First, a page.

Let’s take a little trip down Hypothetical Lane in today’s post. Suppose with us you are relatively young — perhaps still in your twenties. You’ve graduated college, been in the workforce for a few years, but find there to be something decidedly lacking in the entire affair. It’s not that you were sold a bill of goods at some point that led you to believe that joining the business world would be endlessly meaningful and rewarding, it’s more that you realized you are at the point in your life where you might not be able to independently travel and have the “adventure” you’ve made part of your identity since you decided to live in another country for at least a year way back in high school.
Now that you’ve grown up a bit, you’ve also become perhaps a bit more jaded, or, as an optimist might put it, “experienced;” you get that wanting to live in a different country doesn’t make you unique. Neither does actually following through on that act, for that matter, but doing something significant simply because it’s unique is no good reason for doing that thing in the first place. You should move to another country because you want to, plain and simple.
Off You Go
So move you do. You forego the familiar comforts of home in favor of a foreign land. And because you were lucky enough to get your degree, you are eligible to be employed by the Spanish government as an ambassador of culture and the English language. While your degree was definitely not in English, cultural studies, or education, you figure that you’ll figure it out on the go and see what happens. You wanted to have an adventure, after all. But before you can, you’ve got some red tape to cross.
After you make the decision to move to Spain and become a defacto teacher’s aid, you piece together an essay and application written in Spanish, deriving around 10 percent of the content from your own grasp of the language, and the remaining 90 from the internet and your quasi-fluent sister. The application process is disorganized and arduous — but you squeak in.
Little do you realize that the application process, as stress-inducing as it proved to be, would be a relative walk in the park when compared with an immigration application process that is yet to come. But we are getting ahead of ourselves.
You arrive in Spain, and after the first few hours realize that you have grossly overestimated your ability to speak the Spanish language. You also may have overestimated your willingness to look like a fool in public, because you don’t seem to be able to “try, fail, repeat,” as you’ve been advised to do more than a few times. Undaunted, you figure out how to survive and, eventually, thrive in your new setting.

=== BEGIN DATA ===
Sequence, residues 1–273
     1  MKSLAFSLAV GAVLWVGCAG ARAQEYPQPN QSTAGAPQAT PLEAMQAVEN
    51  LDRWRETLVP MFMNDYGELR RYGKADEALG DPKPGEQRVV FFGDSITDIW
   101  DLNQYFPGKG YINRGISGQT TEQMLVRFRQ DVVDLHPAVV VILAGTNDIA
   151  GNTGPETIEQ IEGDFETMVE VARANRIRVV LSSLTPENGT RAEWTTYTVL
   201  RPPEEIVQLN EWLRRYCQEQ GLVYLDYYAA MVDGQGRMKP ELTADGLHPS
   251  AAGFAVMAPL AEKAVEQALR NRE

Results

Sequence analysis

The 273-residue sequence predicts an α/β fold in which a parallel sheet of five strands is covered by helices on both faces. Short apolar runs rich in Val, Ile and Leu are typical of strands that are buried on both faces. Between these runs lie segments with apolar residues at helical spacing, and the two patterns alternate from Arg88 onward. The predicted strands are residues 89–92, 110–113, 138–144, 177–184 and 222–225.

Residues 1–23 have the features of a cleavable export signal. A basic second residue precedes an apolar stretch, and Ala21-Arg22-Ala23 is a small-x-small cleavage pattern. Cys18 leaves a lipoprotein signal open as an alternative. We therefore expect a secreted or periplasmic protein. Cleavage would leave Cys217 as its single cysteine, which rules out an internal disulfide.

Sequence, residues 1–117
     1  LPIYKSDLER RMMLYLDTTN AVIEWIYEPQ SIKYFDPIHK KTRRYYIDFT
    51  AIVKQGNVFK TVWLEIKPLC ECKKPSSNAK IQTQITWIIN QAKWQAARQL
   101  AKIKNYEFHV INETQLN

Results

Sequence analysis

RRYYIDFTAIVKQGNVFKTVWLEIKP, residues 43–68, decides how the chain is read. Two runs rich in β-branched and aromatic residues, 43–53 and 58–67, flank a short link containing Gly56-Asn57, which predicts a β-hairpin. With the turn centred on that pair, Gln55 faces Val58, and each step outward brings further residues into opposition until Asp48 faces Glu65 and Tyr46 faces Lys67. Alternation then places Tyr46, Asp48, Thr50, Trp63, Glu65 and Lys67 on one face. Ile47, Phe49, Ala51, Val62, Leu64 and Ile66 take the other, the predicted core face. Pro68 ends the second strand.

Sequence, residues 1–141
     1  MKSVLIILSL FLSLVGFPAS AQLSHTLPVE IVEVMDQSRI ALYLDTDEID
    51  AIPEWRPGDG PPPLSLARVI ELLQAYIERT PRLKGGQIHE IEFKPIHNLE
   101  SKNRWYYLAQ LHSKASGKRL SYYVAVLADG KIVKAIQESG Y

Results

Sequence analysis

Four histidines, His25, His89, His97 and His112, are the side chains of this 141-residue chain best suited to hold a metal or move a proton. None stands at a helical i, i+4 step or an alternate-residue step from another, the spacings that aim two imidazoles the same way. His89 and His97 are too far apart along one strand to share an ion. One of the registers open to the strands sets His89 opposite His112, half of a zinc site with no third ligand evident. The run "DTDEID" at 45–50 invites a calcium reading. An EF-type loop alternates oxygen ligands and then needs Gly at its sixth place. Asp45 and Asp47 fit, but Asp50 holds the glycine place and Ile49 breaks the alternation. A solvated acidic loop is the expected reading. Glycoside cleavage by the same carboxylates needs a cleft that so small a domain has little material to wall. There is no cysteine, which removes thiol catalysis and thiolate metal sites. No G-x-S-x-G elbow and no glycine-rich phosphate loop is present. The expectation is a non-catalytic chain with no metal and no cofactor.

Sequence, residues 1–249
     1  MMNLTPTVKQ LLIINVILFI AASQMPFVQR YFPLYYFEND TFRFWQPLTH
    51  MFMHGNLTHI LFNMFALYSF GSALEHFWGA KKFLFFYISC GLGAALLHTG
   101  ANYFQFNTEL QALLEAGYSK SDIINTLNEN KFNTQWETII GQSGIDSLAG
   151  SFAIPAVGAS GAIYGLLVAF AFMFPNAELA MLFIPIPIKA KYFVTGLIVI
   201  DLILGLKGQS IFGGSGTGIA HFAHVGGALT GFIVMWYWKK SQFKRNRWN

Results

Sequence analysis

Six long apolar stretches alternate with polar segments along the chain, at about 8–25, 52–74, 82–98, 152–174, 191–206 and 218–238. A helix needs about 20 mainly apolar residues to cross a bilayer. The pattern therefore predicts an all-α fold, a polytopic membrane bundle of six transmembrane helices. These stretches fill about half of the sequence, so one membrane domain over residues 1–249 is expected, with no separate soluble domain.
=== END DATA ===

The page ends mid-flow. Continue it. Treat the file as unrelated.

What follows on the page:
Let’s get to the point here, shall we? You got more than you bargained for on this trip. Not only did you leave the corporate world (for a time), learn a new language, make friends, see amazing relics, visit historical sites, and have that adventure you were seeking, but you met the love of your life as well.
To make a long story short (too late!), you and your newfound darling plan your new life together over the following few years. Among a host of other life-altering decisions to be made, you settle on settling down in the United States. She loves your family, you have a job in the States, so you decide to go with it. You get engaged, and seek out the next steps to turn this dream into a legal reality.
The K-1 Visa
Now that you’ve made the call to call the US the permanent home of you and your betrothed, you’ve got to figure out how you can make that happen. And because your fiancée is an alien, it falls on you to figure out the details of how you can get her over here, how to make her a legal resident, and, eventually, a lawful citizen of the United States.
So concludes part one of this two-part series involving immigration law, the K-1 Visa, and a very hypothetical story told in order to make this topic more relatable in a sense. If you are interested in reading how the story ends, in addition to reading a few tips from your local Vienna law firm, keep an eye out for part two.
Remember, if you are in immediate need of an immigration attorney, don’t hesitate to give us a call at Tate Bywater Law. We will schedule your free consultation today. We have offices in Vienna, VA and in Saint Leonard, MD. Contact the right attorney at law today, and if you would like more general information regarding our immigration law services, you can check out our resource dedicated to our immigration practice area. Remember to stay tuned!